pinto beans, Mexican blend veggies (corn & peppers), chili powder & cumin. You can get creative and try new combinations, too.

The idea is to have really quick meals that are nutritionally complete. It saves time to cook a big pot of pasta or brown rice that you can use for more than one recipe.
If these amounts make too much, just cut them by half or cook the whole recipe and eat the rest as leftovers for lunch the next day.

If you use the no salt canned products and you feel it tastes bland, you can sprinkle a little salt at the table as your tongue will get the most bang for your sodium buck if you add it on top of the food right before you eat.

Our fav chapter of the Veganomicon cookbook is the mix'n'match section - a bean, a green, a grain is the basics (with other veggies and seasonings added in for various recipes). Once we learned to cook a variety of each, off we went! Back in the day, we'd make "rice a beanie" - cook up rice, add whatever beans were handy, add a can of diced tomatoes, season with tex-mex, italian, whatever seasoning we liked and it was a meal that would last DAYS (when it was just me and the hubby). We weren't looking to be vegan or anything, it was just really cheap to buy rice, canned beans, canned tomato and it stretched really far. By the same token, take those same ingredients and add a can of veggie stock and you've got soup. Serve with bread, rolls, crackers and a side salad and it's enough to serve guests even.

--Deb R

RE: not at all happy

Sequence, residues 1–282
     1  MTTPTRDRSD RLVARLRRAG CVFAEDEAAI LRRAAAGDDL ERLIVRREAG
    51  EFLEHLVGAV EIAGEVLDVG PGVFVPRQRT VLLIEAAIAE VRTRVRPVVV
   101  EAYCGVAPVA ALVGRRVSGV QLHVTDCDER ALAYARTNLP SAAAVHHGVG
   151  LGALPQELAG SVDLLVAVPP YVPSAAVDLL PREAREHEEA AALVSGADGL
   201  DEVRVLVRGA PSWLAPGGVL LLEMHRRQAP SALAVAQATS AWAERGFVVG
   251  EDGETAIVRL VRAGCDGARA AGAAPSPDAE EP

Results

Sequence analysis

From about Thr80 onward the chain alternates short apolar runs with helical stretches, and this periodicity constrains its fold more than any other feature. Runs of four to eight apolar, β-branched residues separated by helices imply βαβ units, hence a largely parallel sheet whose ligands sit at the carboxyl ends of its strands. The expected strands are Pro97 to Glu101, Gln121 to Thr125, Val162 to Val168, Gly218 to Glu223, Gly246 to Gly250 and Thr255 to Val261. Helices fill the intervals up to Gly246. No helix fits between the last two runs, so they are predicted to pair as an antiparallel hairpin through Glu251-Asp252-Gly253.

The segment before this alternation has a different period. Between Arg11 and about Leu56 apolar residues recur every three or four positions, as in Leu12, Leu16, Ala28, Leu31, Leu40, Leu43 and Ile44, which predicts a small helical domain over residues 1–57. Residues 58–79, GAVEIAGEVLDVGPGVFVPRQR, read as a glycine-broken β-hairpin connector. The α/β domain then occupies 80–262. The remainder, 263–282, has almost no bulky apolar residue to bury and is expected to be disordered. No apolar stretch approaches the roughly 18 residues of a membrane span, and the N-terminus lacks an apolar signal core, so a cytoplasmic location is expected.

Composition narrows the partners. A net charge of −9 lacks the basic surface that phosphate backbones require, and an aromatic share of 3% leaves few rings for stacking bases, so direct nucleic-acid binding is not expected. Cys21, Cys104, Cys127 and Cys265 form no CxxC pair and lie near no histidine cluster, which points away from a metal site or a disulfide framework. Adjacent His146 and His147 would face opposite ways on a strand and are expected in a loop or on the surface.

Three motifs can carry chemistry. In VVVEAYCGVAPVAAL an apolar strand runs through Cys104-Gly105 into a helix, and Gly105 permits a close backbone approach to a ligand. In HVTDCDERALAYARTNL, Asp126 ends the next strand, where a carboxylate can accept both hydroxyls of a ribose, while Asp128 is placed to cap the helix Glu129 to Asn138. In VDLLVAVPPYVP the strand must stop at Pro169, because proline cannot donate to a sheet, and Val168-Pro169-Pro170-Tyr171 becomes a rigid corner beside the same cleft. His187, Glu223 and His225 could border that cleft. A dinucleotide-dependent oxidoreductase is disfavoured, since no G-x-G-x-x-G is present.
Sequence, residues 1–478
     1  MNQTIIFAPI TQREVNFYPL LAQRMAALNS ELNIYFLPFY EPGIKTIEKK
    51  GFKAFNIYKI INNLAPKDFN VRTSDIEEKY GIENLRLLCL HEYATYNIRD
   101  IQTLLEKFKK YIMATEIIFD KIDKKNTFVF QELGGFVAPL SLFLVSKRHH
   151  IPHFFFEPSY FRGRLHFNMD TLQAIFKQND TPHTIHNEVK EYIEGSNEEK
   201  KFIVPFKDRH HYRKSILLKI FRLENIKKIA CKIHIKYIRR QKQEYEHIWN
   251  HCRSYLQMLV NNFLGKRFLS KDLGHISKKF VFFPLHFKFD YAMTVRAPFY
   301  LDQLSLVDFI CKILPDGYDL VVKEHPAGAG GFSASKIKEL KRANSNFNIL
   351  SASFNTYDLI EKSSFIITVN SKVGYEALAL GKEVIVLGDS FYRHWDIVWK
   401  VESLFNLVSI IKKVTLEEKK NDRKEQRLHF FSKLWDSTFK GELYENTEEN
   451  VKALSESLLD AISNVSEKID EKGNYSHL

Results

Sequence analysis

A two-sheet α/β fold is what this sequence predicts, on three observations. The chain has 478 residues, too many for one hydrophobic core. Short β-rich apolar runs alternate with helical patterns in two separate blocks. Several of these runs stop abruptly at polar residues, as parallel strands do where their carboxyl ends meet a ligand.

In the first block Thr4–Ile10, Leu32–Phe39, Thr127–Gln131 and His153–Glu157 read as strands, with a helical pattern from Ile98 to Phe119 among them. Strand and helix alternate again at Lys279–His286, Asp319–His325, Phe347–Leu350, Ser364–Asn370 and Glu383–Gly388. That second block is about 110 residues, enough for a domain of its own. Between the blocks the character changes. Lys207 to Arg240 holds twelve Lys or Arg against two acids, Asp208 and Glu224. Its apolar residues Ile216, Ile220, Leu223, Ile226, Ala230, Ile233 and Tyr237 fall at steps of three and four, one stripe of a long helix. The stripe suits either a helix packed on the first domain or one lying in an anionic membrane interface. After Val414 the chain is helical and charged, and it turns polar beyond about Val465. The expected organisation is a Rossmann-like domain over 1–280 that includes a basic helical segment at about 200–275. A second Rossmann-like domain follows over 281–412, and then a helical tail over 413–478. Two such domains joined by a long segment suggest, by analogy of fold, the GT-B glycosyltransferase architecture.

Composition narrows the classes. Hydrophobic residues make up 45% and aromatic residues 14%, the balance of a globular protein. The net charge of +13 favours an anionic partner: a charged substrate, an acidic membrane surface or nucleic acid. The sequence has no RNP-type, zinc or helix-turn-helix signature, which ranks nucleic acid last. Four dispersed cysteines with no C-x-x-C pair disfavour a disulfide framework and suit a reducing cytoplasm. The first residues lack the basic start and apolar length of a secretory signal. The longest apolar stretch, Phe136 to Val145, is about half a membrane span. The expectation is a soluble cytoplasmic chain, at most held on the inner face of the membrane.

Posted Friday, April 20, 2012 at 7:27 PM

Don't give up, Janeo. I've got money on you lasting the whole 21 days.

Wash your back

Edited 04/20/12 9:11 PM
RE: not at all happy
Posted Friday, April 20, 2012 at 10:21 PM

I find that eating plant-based, I spend no more money than I would have if I was back to my omnivore past. By buying less meat, I spend less money. I don't spend as much on processed frozen foods like I used to. Don't get me wrong....I still buy some convenience foods, and have adjusted the menus to work better for my lifestyle and tastes. Most of the ingredients for many of these recipes you can buy at Walmart. I personally buy a lot at Trader Joes and a local produce market as well, which always has very good prices. The trade off? I feel way better and hope for even more improvement as I go! But you have to do what works best for you, which it sounds like you are doing Smile

RE: not at all happy
Posted Friday, April 20, 2012 at 10:41 PM

Bugsmom wrote:

Our fav chapter of the Veganomicon cookbook is............

Deb,

Did I ever tell you about how that book completely destroyed my super-hero odorless gas. I can't remember If I mentioned it. My gas basically went from super-hero to super-icky in the space of a few minutes. I think some people even described it as "bio-accumulative". Or was it "bio-deplorable". No, "bloody-lamentable". That was it.

I should probably write to Isa De Chandra and tell her about it, because that icky gas isn't gonna convert anyone to veganism. In my case, I think it actually converted quite a few people to paganism.

Anyway, don't say I didn't warn you about this.

Wash your back

RE: not at all happy
Posted Friday, April 20, 2012 at 11:15 PM

Thanks everyone. I feel much encouraged.

Janeoverton